Natl Assoc. of Independ. Labor v. FLRA
OPINION filed  (Pages: 3) for the Court by Judge Kavanaugh [11-1299]
USCA Case #11-1299
United States Court of Appeals
FOR THE DISTRICT OF COLUMBIA CIRCUIT
Submitted April 18, 2012
Decided June 1, 2012
NATIONAL ASSOCIATION OF INDEPENDENT LABOR,
FEDERAL LABOR RELATIONS AUTHORITY,
On Petition for Review of an Order of
the Federal Labor Relations Authority
Neil C. Bonney was on the brief for petitioner.
Rosa M. Koppel, Solicitor, Federal Labor Relations
Authority, and David M. Shewchuk, Deputy Solicitor, were on
the brief for respondent.
Before: HENDERSON, TATEL, and KAVANAUGH, Circuit
KAVANAUGH, Circuit Judge: A Navy Supervisor of
Shipbuilding negotiated an agreement with two unions
regarding the allocation of parking spaces at a shipyard in
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USCA Case #11-1299
The agreement governed the parking
privileges not only of the employees represented by those two
unions, but also of employees represented by a third union
that was not a party to the agreement. Under the agreement,
employees represented by the two unions that were parties to
the agreement received priority in parking over employees
represented by the third union.
After the Supervisor
discovered that employees represented by the third union
would be left without any on-site parking, the Supervisor
decided not to implement the agreement. The two unions that
had negotiated the original agreement objected and filed
unfair labor practice charges with the Federal Labor Relations
Authority. The FLRA upheld the Supervisor’s decision. The
case is now before us on petition for review of the FLRA’s
decision. We deny the petition for review.
Under the Federal Service Labor-Management Relations
Statute, an agency generally may not repudiate an agreement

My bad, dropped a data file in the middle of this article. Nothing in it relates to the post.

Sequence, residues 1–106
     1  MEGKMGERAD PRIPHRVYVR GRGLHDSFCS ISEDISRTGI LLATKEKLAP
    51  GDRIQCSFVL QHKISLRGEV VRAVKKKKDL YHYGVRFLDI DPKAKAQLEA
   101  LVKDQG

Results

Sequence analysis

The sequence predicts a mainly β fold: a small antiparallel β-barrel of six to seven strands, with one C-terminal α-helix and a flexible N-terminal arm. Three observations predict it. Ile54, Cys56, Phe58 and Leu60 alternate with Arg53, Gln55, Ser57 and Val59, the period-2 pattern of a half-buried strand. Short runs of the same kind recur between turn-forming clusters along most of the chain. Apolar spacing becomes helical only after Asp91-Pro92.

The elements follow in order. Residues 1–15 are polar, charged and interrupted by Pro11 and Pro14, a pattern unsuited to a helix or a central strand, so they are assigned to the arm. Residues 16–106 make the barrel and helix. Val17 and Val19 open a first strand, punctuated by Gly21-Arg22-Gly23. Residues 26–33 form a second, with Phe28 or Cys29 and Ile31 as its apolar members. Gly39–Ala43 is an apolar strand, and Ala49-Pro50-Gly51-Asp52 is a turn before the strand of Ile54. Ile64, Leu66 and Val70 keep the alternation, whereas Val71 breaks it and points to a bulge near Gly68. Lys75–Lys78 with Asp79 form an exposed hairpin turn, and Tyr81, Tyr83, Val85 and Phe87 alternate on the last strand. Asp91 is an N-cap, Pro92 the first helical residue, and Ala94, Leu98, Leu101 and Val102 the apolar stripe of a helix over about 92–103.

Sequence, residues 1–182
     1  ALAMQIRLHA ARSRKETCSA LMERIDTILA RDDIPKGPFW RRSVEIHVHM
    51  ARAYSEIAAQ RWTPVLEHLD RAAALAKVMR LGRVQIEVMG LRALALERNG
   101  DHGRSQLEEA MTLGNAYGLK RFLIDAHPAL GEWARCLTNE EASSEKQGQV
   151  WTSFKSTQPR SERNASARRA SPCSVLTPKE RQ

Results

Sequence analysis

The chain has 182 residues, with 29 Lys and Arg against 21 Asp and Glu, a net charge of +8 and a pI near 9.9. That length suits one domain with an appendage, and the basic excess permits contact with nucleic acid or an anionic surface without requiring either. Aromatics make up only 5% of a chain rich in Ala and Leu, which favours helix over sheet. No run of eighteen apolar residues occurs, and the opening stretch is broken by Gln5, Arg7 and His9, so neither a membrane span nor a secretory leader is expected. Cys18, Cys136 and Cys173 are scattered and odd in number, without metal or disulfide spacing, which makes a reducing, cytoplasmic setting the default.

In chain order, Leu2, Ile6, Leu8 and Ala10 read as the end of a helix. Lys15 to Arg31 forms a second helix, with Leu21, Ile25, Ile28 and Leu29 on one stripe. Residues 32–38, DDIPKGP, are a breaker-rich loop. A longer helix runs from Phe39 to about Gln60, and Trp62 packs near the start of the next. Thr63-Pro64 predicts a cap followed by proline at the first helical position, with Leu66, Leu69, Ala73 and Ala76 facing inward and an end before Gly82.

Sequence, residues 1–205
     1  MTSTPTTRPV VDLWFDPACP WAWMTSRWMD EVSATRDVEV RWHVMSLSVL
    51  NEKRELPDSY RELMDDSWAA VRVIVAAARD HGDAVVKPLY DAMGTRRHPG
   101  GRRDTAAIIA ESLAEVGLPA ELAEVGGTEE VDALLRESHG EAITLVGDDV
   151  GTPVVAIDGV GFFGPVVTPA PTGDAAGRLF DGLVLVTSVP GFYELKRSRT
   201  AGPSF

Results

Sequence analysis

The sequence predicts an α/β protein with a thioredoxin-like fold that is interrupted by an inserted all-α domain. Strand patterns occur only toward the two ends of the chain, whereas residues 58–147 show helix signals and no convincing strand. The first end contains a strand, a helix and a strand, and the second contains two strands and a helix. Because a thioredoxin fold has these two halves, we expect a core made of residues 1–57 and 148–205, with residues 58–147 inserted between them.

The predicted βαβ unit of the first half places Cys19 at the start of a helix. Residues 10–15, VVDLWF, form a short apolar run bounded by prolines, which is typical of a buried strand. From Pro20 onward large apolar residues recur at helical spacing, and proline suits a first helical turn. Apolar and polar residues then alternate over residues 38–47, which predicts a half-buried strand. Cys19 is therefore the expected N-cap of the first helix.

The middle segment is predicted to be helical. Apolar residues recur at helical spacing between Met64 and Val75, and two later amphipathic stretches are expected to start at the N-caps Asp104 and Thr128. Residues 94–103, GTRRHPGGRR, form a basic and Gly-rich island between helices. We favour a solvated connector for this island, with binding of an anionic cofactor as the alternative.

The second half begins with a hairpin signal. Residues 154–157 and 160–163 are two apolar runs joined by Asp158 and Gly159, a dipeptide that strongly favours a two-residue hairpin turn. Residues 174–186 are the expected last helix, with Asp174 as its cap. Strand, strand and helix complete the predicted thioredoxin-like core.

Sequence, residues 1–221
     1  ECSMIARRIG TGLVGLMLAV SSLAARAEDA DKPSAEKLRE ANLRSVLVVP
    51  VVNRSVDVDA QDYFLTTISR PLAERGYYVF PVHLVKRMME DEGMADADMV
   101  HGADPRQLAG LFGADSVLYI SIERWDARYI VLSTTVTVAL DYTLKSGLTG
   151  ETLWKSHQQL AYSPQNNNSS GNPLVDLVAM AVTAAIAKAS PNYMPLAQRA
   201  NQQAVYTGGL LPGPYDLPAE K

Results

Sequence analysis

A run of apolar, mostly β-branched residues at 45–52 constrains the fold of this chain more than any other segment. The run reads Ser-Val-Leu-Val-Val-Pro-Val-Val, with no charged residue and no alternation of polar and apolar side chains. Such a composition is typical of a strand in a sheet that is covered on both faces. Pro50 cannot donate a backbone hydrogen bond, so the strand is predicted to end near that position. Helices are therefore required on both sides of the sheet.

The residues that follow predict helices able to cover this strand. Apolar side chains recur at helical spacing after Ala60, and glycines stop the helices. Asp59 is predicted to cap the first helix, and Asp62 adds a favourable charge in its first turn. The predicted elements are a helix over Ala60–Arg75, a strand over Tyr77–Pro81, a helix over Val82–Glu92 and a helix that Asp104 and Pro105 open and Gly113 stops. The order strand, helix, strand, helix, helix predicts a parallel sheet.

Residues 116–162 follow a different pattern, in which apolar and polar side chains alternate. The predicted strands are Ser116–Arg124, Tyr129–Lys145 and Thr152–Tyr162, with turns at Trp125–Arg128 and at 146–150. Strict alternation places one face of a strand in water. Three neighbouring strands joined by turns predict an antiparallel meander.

negotiated with a union representing agency employees. See
5 U.S.C. § 7116(a)(1), (5); see also American Federation of
Gov’t Employees, Local 2924 v. FLRA, 470 F.3d 375, 376-78
(D.C. Cir. 2006). But the FLRA “will not find an unlawful
repudiation where the agreement allegedly repudiated is
contrary to law.” National Air Traffic Controllers Ass’n, 60
F.L.R.A. 985, 986 (2005).
The question here, therefore, is whether the original
agreement was contrary to law.
Under the relevant
precedents, the original agreement was indeed contrary to law
because it governed the working conditions of employees in
another bargaining unit. See American Federation of Gov’t
Employees, Local 32 v. FLRA (AFGE), 110 F.3d 810, 815-16
(D.C. Cir. 1997); Dep’t of the Navy, Naval Aviation Depot,
Cherry Point, North Carolina v. FLRA (Cherry Point), 952
F.2d 1434, 1441-43 (D.C. Cir. 1992); see also 5 U.S.C.
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USCA Case #11-1299
§ 7114(a)(1). In Cherry Point, which is the precedent most
on point, we specifically held that it “would be counter to
basic principles of labor law” for a labor agreement to
“define parking privileges not just for members of the
union’s bargaining unit, but also for members of other
bargaining units.” AFGE, 110 F.3d at 815 (summarizing
Cherry Point, 952 F.2d 1434). Here, too, the original
agreement between the two unions and the Supervisor defined
the parking privileges of members of another bargaining unit.
The agreement was thus contrary to law. Therefore, the
Supervisor properly refused to implement it, and the FLRA
properly upheld the Supervisor’s decision.
We deny the petition for review.
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